Have you ever noticed how many vitamin options there are at a drug store? If not, you should know there are hundreds. It is bloody overwhelming.
All these vitamins got us thinking about differentiation. If your product isn’t that different from another, like a B-12 vitamin, how do you differentiate yourself from the competition?
Vitamin companies are not alone here. One of our listeners wrote in with a business pickle about differentiation on how to have it in an ever-competitive market. The answer lies in the experience.
But how? What does differentiation even mean? And what does B-12 do for you anyway? (It does lots of stuff, by the way; you should probably take it if you don’t get enough.)
When you are too close to something, you might have a hard time seeing what your differentiation could be. Your usually helpful depth of offering knowledge can be a hinderance. The nuances of competitive improvement might be authentic but too deep in the minutiae to distinguish you.
In other words, your competitive advantage might be real, but really boring to your customers. So, instead of coming up with something that is a competitive differentiator, you come up with this minor detail, emphasizing something the customer doesn’t care about or doesn’t recognize they should.
Therefore, it takes an outside perspective sometimes to see what is possible regarding differentiation. And sometimes, this differentiation from the outside is disruptive and turns everything in your industry on its ear.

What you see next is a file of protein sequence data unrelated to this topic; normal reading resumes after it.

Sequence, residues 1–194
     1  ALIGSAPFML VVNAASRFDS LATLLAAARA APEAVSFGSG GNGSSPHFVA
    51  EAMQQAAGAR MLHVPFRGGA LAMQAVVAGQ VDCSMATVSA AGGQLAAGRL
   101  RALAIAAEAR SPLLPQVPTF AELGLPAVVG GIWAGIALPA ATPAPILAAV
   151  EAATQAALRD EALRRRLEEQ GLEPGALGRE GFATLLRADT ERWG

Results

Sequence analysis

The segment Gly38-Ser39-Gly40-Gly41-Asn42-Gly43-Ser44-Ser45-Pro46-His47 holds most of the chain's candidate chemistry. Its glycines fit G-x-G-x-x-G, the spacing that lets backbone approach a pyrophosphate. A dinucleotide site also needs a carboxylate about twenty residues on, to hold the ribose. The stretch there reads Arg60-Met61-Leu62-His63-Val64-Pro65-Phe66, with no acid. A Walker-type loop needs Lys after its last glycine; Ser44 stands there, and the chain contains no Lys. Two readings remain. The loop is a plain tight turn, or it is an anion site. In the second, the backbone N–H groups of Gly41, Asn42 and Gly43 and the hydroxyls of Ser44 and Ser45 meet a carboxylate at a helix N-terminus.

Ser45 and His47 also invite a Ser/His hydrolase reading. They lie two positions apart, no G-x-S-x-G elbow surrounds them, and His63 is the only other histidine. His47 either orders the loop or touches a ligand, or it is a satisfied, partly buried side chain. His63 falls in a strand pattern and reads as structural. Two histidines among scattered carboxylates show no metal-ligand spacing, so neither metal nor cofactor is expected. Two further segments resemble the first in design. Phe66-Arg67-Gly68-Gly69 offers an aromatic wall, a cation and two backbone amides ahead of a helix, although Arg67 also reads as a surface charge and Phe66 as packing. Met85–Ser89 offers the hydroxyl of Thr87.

In this episode, we explore the ways our listener and you can differentiate yourself from the competition. As a bonus, we package it into five rules that you can use to drive your actions.
Here are some other key moments in the discussion:
- 06:44 We kick off the discussion with the first rule, which tells us that different means different and not just a little different. (They do get better, we promise.)
- 10:07 We get into the discussion about how disruption is often the key to differentiation that matters; otherwise, everyone ends up chasing the same goals and having little variance from one another.
- 17:50 We introduce the third rule, which is define the Who and the How Much, two key areas for besting the competition.
- 22:49 Rule number four says what are you going to differentiate on, meaning what area of your offering will be your competitive advantage.
- 25:35 We introduce the last rule, which is shamelessly bias, that experience is the hardest thing for your competitor to copy.
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